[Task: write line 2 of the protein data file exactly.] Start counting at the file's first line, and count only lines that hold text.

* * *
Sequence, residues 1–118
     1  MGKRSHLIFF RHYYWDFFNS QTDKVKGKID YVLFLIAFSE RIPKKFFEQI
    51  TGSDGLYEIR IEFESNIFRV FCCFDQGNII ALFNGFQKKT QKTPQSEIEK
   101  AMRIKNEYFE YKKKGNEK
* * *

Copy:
     1  MGKRSHLIFF RHYYWDFFNS QTDKVKGKID YVLFLIAFSE RIPKKFFEQI